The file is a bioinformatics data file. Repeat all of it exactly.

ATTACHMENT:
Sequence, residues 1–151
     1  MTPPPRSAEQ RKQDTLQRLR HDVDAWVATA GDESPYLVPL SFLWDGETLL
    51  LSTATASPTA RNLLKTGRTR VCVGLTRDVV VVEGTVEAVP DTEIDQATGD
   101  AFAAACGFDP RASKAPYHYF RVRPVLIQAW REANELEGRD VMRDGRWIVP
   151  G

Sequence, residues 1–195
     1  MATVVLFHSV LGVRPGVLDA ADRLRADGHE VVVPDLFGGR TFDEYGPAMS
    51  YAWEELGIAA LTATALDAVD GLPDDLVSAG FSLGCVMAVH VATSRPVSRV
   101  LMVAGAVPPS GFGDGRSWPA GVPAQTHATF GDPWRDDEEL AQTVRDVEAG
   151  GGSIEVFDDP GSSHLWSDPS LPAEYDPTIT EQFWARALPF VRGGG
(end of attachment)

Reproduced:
Sequence, residues 1–151
     1  MTPPPRSAEQ RKQDTLQRLR HDVDAWVATA GDESPYLVPL SFLWDGETLL
    51  LSTATASPTA RNLLKTGRTR VCVGLTRDVV VVEGTVEAVP DTEIDQATGD
   101  AFAAACGFDP RASKAPYHYF RVRPVLIQAW REANELEGRD VMRDGRWIVP
   151  G

Sequence, residues 1–195
     1  MATVVLFHSV LGVRPGVLDA ADRLRADGHE VVVPDLFGGR TFDEYGPAMS
    51  YAWEELGIAA LTATALDAVD GLPDDLVSAG FSLGCVMAVH VATSRPVSRV
   101  LMVAGAVPPS GFGDGRSWPA GVPAQTHATF GDPWRDDEEL AQTVRDVEAG
   151  GGSIEVFDDP GSSHLWSDPS LPAEYDPTIT EQFWARALPF VRGGG